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Modeling long-term human activeness using recurrent neural networks for biometric data

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BMC Medical Informatics and Decision Making

BioMed Central

The 6th Translational Bioinformatics Conference (TBC 2016)

15-17 October 2016

Heart rate, Calorie, Footstep, Activeness prediction, Time series modeling, Recurrent neural network

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      Abstract

      BackgroundWith the invention of fitness trackers, it has been possible to continuously monitor a user’s biometric data such as heart rates, number of footsteps taken, and amount of calories burned. This paper names the time series of these three types of biometric data, the user’s “activeness”, and investigates the feasibility in modeling and predicting the long-term activeness of the user.MethodsThe dataset used in this study consisted of several months of biometric time-series data gathered by seven users independently. Four recurrent neural network (RNN) architectures–as well as a deep neural network and a simple regression model–were proposed to investigate the performance on predicting the activeness of the user under various length-related hyper-parameter settings. In addition, the learned model was tested to predict the time period when the user’s activeness falls below a certain threshold.ResultsA preliminary experimental result shows that each type of activeness data exhibited a short-term autocorrelation; and among the three types of data, the consumed calories and the number of footsteps were positively correlated, while the heart rate data showed almost no correlation with neither of them. It is probably due to this characteristic of the dataset that although the RNN models produced the best results on modeling the user’s activeness, the difference was marginal; and other baseline models, especially the linear regression model, performed quite admirably as well. Further experimental results show that it is feasible to predict a user’s future activeness with precision, for example, a trained RNN model could predict–with the precision of 84%–when the user would be less active within the next hour given the latest 15 min of his activeness data.ConclusionsThis paper defines and investigates the notion of a user’s “activeness”, and shows that forecasting the long-term activeness of the user is indeed possible. Such information can be utilized by a health-related application to proactively recommend suitable events or services to the user.

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      Most cited references 18

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      Long Short-Term Memory

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        Learning long-term dependencies with gradient descent is difficult.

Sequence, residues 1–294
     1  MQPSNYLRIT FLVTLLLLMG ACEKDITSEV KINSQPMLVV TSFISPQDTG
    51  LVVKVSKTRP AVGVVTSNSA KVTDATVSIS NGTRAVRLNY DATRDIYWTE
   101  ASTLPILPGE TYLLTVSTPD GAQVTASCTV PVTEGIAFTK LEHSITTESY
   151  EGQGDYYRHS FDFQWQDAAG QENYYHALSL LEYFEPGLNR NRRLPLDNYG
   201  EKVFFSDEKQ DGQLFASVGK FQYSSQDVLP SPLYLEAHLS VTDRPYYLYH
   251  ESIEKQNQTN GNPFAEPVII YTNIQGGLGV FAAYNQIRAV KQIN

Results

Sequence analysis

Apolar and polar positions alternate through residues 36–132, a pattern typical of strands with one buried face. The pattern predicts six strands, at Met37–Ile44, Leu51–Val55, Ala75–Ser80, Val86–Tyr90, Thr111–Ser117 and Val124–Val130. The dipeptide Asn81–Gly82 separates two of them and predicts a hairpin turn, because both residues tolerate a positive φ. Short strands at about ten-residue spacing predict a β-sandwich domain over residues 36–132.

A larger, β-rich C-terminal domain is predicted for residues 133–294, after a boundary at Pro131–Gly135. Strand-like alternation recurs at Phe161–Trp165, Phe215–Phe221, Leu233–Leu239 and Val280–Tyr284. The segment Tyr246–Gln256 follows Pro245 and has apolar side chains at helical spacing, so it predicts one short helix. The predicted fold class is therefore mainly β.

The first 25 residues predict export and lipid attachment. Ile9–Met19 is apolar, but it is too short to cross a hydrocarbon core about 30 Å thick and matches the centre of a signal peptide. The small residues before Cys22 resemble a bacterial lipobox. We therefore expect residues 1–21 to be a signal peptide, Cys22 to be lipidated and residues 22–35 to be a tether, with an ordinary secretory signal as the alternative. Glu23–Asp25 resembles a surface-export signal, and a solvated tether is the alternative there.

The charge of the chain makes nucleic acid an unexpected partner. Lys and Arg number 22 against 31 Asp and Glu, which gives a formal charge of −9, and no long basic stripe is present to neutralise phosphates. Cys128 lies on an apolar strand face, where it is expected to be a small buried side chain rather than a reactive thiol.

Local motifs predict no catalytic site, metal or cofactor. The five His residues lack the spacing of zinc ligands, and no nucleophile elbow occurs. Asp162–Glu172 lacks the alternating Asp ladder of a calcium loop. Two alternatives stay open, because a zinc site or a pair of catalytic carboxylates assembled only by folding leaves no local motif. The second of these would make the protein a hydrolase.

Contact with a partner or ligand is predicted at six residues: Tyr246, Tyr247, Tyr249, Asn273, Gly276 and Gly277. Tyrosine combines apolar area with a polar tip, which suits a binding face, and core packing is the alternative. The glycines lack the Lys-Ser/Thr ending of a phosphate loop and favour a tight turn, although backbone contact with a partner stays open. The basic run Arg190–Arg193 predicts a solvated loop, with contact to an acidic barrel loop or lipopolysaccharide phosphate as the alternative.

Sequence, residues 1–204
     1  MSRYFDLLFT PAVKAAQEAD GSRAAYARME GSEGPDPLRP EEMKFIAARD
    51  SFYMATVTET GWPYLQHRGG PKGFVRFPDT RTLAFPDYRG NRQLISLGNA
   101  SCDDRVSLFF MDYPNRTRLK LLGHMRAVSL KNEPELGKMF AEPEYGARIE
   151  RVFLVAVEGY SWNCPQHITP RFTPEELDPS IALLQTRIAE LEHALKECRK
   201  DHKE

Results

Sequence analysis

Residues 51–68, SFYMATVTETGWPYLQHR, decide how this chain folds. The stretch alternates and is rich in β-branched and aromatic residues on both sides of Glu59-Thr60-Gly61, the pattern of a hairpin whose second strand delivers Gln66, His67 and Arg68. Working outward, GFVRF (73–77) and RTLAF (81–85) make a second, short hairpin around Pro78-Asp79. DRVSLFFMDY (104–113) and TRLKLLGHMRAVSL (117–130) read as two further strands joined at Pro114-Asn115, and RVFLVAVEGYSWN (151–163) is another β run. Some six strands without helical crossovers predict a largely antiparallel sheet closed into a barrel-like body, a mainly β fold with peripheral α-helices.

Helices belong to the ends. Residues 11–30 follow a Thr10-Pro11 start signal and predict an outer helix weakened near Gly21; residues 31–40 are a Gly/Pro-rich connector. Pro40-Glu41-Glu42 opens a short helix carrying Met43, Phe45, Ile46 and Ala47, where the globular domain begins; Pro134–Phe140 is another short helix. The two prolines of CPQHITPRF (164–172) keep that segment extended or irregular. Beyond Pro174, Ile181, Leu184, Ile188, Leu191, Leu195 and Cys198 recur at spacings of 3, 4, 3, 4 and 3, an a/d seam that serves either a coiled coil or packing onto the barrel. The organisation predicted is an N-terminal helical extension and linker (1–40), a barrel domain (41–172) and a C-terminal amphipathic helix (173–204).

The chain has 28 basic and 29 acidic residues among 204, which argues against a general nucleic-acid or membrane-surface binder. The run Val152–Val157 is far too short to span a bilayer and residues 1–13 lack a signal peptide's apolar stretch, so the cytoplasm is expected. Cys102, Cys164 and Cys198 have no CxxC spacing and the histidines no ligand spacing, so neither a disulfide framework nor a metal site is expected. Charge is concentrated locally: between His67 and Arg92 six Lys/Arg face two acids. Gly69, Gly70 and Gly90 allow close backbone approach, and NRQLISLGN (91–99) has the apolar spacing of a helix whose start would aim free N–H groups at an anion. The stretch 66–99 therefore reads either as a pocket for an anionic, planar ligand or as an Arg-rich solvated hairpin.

Recurrent neural networks can be used to map input sequences to output sequences, such as for recognition, production or prediction problems. However, practical difficulties have been reported in training recurrent neural networks to perform tasks in which the temporal contingencies present in the input/output sequences span long intervals. We show why gradient based learning algorithms face an increasingly difficult problem as the duration of the dependencies to be captured increases. These results expose a trade-off between efficient learning by gradient descent and latching on information for long periods. Based on an understanding of this problem, alternatives to standard gradient descent are considered.
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            Author and article information

            Affiliations
            [1 ]ISNI 0000 0001 2292 0500, GRID grid.37172.30, School of Computing, , KAIST, ; 291 Daehak-ro, Yuseong-gu, Daejeon, 34141 South Korea
            [2 ]ISNI 0000 0001 1945 5898, GRID grid.419666.a, Samsung Seoul R&D Campus, , Samsung Electronics, ; 33 Seongchon-gil, Seocho-gu, Seoul, 06765 South Korea
            Contributors
            zaemyung@kaist.ac.kr
            hyungrai.oh@samsung.com
            kimhangyu@kaist.ac.kr
            rayote@kaist.ac.kr
            aomaru@kaist.ac.kr
            hojinc@kaist.ac.kr
            Conference
            BMC Med Inform Decis Mak
            BMC Med Inform Decis Mak
            BMC Medical Informatics and Decision Making
            BioMed Central (London )
            1472-6947
            18 May 2017
            18 May 2017
            2017
            : 17
            Issue : Suppl 1 Issue sponsor : Publication of this supplement has not been supported by sponsorship. Information about the source of funding for publication charges can be found in the individual articles. The articles have undergone the journal's standard peer review process for supplements. The Supplement Editors declare that they have no competing interests.
            5444042
            453
            10.1186/s12911-017-0453-1
            © The Author(s) 2017

            Open Access This article is distributed under the terms of the Creative Commons Attribution 4.0 International License( http://creativecommons.org/licenses/by/4.0/), which permits unrestricted use, distribution, and reproduction in any medium, provided you give appropriate credit to the original author(s) and the source, provide a link to the Creative Commons license, and indicate if changes were made. The Creative Commons Public Domain Dedication waiver( http://creativecommons.org/publicdomain/zero/1.0/) applies to the data made available in this article, unless otherwise stated.

            The 6th Translational Bioinformatics Conference
            TBC 2016
            Je Ju Island, Korea
            15-17 October 2016
            Categories
            Research
            Custom metadata
            © The Author(s) 2017

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